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Actress Lori Singer Teams Up With Cruelty Free International to Help End Cosmetics Testing on Animals

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If you grew up in the 80's chances are you were crazy about the film Footloose (I owned the soundtrack...on vinyl). Chances also are, if you were a teenage girl at the time, you strongly identified with or admired the lead female character "Ariel Moore" - free-spirited, strong-willed and desperately wanting to break free from parental control but, at the same time, pining for simpler times when she didn't question their authority or their love.

It is with a bit of nostalgic giddiness that I am so thrilled to learn that the incredibly talented Lori Singer ("Ariel Moore" in the film) is the newest celebrity to lend support to Cruelty Free International and our effort to ban cosmetics testing on animals worldwide.

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Lori, who was an executive producer of the film Mea Maxima Culpa: Silence in the House of God, which won 3 Primetime Emmys last year, took time out of her busy schedule to support the cause,

"I'm behind the work of Cruelty Free International to ensure that animals don't suffer for our cosmetics."

Regretfully, the US allows cruel tests for make-up, shampoo, toothpaste and other cosmetics, even though humane non-animal tests are available. Rabbits, guinea pigs, mice and rats are still routinely injected, gassed, force-fed and killed for personal care products.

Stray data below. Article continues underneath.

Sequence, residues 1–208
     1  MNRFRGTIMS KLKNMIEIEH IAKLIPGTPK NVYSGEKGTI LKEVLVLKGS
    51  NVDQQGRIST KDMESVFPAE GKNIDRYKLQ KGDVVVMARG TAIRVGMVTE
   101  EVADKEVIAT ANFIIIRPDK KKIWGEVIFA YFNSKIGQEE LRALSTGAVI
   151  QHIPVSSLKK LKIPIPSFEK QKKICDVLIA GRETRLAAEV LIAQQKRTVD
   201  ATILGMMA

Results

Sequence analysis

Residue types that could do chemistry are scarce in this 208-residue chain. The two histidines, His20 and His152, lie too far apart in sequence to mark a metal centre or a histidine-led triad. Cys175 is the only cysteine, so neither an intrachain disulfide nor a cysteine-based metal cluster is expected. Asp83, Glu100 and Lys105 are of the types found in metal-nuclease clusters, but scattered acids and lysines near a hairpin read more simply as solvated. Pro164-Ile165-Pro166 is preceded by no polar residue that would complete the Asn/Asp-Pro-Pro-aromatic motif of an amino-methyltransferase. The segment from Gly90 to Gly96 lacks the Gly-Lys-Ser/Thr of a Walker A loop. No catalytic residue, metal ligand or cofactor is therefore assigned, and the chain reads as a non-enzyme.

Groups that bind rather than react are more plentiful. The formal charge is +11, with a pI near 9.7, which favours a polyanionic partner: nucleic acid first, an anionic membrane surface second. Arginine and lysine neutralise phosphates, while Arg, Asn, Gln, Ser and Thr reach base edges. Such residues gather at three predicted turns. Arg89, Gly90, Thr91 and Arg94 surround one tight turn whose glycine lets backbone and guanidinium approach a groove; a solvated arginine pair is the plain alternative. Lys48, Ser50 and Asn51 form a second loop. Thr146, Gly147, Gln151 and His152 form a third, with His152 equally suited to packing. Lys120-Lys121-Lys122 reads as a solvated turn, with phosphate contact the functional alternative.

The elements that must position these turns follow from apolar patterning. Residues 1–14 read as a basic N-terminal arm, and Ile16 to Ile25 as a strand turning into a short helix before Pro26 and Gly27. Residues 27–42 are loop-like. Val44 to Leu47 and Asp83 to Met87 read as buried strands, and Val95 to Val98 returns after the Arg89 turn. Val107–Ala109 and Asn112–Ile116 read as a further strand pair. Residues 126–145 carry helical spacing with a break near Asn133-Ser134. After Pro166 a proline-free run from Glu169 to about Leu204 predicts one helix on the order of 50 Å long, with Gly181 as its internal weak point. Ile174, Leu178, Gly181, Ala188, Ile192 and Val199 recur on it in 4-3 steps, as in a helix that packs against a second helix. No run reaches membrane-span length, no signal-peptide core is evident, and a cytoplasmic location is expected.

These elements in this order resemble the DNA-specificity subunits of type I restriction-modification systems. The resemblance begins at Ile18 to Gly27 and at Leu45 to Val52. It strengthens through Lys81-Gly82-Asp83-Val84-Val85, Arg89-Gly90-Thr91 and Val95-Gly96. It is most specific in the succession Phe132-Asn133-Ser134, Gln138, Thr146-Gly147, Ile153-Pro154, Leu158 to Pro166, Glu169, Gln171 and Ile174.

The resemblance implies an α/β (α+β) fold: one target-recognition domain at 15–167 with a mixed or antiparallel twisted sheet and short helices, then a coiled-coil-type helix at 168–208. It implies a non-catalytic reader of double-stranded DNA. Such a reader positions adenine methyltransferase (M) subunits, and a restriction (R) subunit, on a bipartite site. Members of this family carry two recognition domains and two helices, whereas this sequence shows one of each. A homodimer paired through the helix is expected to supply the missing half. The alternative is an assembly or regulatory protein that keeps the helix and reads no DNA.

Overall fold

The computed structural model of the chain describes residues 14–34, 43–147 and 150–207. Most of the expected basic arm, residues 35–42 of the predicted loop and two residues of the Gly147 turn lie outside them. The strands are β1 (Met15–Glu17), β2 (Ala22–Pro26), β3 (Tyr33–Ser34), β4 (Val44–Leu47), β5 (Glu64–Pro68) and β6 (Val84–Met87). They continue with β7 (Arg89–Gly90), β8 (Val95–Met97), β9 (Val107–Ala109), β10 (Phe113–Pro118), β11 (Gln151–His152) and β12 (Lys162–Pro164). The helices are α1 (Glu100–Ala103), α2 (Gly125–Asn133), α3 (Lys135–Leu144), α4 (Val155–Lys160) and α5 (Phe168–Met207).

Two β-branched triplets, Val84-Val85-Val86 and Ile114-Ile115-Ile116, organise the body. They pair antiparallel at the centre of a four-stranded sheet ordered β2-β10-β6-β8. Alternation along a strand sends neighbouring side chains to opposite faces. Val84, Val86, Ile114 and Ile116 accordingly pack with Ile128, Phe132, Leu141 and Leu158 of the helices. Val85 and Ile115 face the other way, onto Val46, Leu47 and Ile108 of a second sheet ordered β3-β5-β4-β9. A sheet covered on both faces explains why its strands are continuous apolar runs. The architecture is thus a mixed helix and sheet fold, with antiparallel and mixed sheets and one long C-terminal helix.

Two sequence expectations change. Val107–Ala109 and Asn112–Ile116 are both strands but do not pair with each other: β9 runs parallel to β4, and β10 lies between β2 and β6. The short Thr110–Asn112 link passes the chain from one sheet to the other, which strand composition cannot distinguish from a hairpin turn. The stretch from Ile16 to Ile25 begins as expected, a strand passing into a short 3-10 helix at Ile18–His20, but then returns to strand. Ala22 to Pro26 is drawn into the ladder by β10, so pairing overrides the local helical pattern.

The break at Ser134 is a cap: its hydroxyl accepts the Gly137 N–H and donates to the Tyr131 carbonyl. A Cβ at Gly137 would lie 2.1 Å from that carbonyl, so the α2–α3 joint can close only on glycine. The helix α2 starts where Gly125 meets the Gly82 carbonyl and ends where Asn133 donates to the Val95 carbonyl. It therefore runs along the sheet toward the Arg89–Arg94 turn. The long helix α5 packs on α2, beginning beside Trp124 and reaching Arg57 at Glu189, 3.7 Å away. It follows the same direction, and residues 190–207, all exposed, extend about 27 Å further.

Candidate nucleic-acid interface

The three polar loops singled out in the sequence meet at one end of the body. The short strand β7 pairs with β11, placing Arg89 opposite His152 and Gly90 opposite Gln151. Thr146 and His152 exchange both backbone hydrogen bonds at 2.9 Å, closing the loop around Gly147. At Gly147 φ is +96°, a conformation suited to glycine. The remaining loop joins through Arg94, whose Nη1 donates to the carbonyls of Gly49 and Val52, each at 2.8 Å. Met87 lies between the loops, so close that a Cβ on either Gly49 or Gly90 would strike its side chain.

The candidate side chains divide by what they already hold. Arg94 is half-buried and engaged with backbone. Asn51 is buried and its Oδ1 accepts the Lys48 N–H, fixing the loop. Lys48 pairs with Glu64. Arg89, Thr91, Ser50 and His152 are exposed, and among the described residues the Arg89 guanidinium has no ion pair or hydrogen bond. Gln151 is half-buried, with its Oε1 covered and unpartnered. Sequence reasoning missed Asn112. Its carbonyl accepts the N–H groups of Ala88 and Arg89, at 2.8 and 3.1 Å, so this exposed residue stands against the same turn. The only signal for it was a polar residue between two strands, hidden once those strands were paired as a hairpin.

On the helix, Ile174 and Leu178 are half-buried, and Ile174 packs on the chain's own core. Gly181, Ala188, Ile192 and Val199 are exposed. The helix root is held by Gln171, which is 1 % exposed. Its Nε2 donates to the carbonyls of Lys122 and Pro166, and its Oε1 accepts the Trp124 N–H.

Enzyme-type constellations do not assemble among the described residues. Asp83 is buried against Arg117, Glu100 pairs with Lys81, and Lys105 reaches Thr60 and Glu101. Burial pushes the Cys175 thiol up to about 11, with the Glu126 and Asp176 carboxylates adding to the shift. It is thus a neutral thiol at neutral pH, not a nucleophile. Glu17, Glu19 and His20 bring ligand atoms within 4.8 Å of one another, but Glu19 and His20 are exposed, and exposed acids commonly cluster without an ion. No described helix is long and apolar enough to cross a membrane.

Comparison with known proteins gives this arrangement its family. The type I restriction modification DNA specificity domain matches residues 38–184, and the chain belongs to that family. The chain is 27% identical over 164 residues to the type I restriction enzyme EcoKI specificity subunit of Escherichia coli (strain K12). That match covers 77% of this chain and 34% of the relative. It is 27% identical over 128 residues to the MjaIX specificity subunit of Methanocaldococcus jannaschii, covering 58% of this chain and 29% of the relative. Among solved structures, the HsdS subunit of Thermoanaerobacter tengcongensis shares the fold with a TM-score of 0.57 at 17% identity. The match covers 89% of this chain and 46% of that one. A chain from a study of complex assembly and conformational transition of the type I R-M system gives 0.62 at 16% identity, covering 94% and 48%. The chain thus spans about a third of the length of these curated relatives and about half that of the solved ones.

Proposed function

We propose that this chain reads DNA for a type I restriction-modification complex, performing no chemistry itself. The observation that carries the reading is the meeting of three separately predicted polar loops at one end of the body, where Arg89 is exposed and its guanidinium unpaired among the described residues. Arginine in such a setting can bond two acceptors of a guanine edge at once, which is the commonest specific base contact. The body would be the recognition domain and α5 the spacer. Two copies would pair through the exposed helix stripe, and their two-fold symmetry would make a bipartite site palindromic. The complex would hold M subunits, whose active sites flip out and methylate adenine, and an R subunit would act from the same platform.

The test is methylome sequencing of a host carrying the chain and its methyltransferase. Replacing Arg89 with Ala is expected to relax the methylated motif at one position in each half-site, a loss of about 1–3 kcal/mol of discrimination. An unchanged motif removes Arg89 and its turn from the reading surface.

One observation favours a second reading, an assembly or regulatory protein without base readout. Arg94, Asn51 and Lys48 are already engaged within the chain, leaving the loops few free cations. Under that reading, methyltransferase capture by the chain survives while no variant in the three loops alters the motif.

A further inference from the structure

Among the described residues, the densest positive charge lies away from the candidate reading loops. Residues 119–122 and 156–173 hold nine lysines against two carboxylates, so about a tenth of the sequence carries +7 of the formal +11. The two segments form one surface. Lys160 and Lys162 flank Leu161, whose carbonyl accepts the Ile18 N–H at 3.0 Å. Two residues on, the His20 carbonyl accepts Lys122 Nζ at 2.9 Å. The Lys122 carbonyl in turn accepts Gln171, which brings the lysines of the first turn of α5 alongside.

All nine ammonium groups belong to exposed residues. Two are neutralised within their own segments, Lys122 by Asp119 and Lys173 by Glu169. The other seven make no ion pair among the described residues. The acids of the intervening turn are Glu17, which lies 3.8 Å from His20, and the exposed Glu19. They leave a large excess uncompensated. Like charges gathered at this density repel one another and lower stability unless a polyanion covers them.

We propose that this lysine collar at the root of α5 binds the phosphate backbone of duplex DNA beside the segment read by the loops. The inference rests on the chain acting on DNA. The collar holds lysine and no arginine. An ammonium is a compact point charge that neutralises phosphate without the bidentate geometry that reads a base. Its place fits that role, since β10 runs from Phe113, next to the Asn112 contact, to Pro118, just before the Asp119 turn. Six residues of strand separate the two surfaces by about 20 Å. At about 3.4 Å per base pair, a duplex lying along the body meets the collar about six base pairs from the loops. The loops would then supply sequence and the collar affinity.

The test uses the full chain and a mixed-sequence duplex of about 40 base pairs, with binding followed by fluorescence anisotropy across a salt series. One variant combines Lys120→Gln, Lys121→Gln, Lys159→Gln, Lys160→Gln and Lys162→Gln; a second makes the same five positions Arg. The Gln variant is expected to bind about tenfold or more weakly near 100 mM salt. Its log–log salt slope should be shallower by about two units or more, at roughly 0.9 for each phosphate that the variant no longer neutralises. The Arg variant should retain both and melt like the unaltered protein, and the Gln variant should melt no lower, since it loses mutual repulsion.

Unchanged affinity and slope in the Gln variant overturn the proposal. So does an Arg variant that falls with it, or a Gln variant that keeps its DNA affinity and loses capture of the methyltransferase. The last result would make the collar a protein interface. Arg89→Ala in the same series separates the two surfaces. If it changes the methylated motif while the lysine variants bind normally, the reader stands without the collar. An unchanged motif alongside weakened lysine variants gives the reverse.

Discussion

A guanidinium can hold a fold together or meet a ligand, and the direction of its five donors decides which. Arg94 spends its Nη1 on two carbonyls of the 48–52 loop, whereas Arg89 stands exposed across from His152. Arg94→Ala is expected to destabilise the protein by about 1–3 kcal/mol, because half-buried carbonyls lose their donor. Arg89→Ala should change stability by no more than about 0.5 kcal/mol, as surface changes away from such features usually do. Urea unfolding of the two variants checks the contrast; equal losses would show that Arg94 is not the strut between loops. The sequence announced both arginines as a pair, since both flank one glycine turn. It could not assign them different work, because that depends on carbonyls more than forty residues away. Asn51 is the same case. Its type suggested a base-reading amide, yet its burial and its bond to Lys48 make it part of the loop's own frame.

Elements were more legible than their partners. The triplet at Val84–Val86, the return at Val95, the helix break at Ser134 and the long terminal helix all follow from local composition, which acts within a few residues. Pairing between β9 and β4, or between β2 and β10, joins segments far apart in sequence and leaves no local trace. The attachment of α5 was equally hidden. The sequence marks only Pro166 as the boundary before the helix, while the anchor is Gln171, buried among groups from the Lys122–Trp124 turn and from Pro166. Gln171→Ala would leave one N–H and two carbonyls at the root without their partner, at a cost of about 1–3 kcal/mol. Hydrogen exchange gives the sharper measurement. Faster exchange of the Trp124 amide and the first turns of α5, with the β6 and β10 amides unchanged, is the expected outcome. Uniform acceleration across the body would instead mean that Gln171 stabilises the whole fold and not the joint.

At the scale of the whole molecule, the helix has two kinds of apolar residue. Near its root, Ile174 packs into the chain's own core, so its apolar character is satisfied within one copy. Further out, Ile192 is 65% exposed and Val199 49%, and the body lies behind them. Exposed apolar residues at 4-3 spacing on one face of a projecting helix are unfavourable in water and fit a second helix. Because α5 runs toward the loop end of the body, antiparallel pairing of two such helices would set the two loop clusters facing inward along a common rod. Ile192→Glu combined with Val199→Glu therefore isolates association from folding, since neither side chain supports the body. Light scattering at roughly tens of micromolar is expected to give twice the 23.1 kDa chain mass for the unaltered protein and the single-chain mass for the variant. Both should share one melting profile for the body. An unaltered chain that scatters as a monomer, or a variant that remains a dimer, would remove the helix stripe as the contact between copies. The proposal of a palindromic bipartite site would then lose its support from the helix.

But the necessity and validity of using animal tests to determine the safety of chemicals has been increasingly called into question. Transferring the results of animal tests to humans has proven to be problematic and misleading in many cases. Some tests involving mice or guinea pigs for skin sensitization tests only predict human reactions 72% of the time. The predictability of animal methods such as the Lethal Dose-50 (LD50) in which substances are force fed to groups of animals with the results based on the point at which 50 percent of the individuals die - is about as accurate as flipping a coin.

Thankfully, the information that has historically been gained from animal tests is increasingly being replaced with quicker, cheaper and more reliable non-animal methods. Many of the animal tests used to test cosmetics ingredients have now been replaced. In addition, manufacturers can use established ingredients that are "Generally Recognized as Safe," and, as such, do not require further testing. In addition, there are thousands of ingredients that have already been tested for safety. For starters, there are nearly 20,000 ingredients in the European Union's database for which safety data is already available.

Hundreds of companies have voluntarily sworn off animal testing and in doing so have proved it is possible to make quality cosmetics without harming animals. Not to mention, the European Union and Israel - with India likely to follow suit - are already leading the way by banning such tests within their borders.

Cruelty-free cosmetic companies and compassionate celebrities like Lori Singer, Norman Reedus, Peter Dinklage, Ashley Bell, and Ricky Gervais together with Cruelty Free International are putting the issue of cosmetics testing on animals at front of mind of consumers and policy makers around the world.

A worldwide ban on animal tested cosmetics? Now that would be reason to dance!